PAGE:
UNITY, Maine — Eighty-six percent of houses in Maine do not meet minimum housing efficiency standards, a state energy official told about 50 people gathered for a discussion of solar thermal energy at the Unity Community Center on Monday evening.
“Maine has the oldest housing stock in the nation, and the highest dependency on foreign oil. A lot of the houses are not insulated, and most are underinsulated,” Richard Fortier, commercial energy auditor and program manager for Efficiency Maine’s solar rebate program, told the group. He was citing a recent energy efficiency survey of homes in Maine.
“This state is in a lot of trouble, energywise,” Fortier said.
Efficiency Maine is a program intended to address the issue of energy efficiency in Maine homes by promoting the more efficient use of electricity, helping Maine residents and businesses reduce energy costs and improving Maine’s environment, according to the program’s Web site. It is funded by electricity consumers and ad-ministered by the Maine Public Utilities Commission.
For more than two hours Monday night Fortier and Bob Hussey, president of Solar Tech Inc. in Waterville, gave details and answered questions on the use of solar thermal energy for hot water, solar air for heating and solar photovoltaic as a power source.
A few in the audience already had installed their systems and had come looking for refinements.
“This was a savvy audience,” Hussey said after the meeting, “more savvy than most.”
Fortier said Efficiency Maine is going to look at energy efficiency for fossil fuels — gas, propane and oil — and electricity and develop programs to help commercial and industrial users to help them reduce costs.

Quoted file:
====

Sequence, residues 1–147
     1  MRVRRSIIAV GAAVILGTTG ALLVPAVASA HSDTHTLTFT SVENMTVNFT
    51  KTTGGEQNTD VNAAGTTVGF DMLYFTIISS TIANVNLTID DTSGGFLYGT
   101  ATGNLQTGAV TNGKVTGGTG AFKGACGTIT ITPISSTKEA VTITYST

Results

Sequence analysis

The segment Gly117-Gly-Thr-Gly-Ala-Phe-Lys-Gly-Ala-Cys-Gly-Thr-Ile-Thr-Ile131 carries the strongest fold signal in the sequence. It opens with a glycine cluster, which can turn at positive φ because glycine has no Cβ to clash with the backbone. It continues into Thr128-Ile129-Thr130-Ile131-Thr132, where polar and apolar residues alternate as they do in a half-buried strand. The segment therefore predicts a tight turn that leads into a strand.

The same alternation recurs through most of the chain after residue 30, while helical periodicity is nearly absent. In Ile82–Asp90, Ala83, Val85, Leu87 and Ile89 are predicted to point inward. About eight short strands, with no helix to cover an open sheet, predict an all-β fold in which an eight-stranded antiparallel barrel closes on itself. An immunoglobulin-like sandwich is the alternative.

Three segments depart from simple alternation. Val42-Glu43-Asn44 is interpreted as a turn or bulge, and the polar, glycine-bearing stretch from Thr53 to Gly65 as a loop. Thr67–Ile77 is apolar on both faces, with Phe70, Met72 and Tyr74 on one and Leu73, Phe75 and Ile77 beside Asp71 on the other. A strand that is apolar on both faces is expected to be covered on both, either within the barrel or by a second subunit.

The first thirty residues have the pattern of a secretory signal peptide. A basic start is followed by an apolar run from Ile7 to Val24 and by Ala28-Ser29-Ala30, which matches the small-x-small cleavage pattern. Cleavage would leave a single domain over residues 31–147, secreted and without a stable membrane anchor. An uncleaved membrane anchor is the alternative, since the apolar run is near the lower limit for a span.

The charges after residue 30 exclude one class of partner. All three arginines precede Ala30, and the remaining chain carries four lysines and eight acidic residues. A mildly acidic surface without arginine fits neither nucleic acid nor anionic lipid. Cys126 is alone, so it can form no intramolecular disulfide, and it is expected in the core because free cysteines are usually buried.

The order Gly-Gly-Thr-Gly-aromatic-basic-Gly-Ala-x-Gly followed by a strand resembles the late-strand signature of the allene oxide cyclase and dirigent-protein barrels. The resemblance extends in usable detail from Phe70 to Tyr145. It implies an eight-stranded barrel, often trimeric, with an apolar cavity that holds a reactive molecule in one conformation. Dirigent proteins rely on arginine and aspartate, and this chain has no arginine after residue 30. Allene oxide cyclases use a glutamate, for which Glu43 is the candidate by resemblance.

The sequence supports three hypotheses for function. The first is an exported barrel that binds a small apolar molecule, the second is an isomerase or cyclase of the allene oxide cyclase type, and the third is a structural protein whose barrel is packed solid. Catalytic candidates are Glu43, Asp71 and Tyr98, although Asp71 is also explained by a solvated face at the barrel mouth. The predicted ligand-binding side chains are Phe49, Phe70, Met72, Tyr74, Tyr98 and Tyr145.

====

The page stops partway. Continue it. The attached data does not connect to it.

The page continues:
The Maine State Housing Authority takes care of low-cost housing energy needs to make homes more efficient, he said.
“Maine State Housing has dealt with everybody of low income, and left everyone else to their own devices,” Fortier said. “We’ll be working on programs that will help weatherize homes for people in the middle and upper income stratas.”
Efficiency Maine also plans to train business leaders how to operate efficiently, he said of the proposed two-pronged attempt to reduce energy costs in a community.
“Everybody wants wind [power] or geothermal,” Fortier said. “Geothermal, solar and wind power solutions have been around for many years, but they present many snags unless someone really understands the industry.”
He said solar energy is the most cost-effective energy for the investment.
Hussey talked about the ratings and sizes of solar panels and urged people to have an energy audit to understand the payback period of an investment.
“The larger the panel you have, the less cost per panel for energy,” he said.
Hussey explained that there are two kinds of panels: the evacuated tube panel, which is more effective but twice as expensive as the other kind, the more common flat-plate panel that usually rests on a roof.
Urging people to shop around for the best and most effective panels and contractors, he referred the audience to a solar rating and certification organization at www.solar-rating.org.
Hussey recommended looking at two other Web sites for information and ideas: www.homepower.com, Home Power Magazine, and www.motherjones.com, Mother Jones Magazine, for tips on solar energy construction.
Tess Woods, executive director of Unity Barnraisers, also provided background information on the community’s concerns for efficient fuel use. The group began “Neighbor Warming Neighbor” last fall, in which more than 60 volunteers weatherized 34 homes and provided weatherization materials for another 32 homes, Woods said.
George Chappell may be reached at 236-4598 or at firstname.lastname@example.org.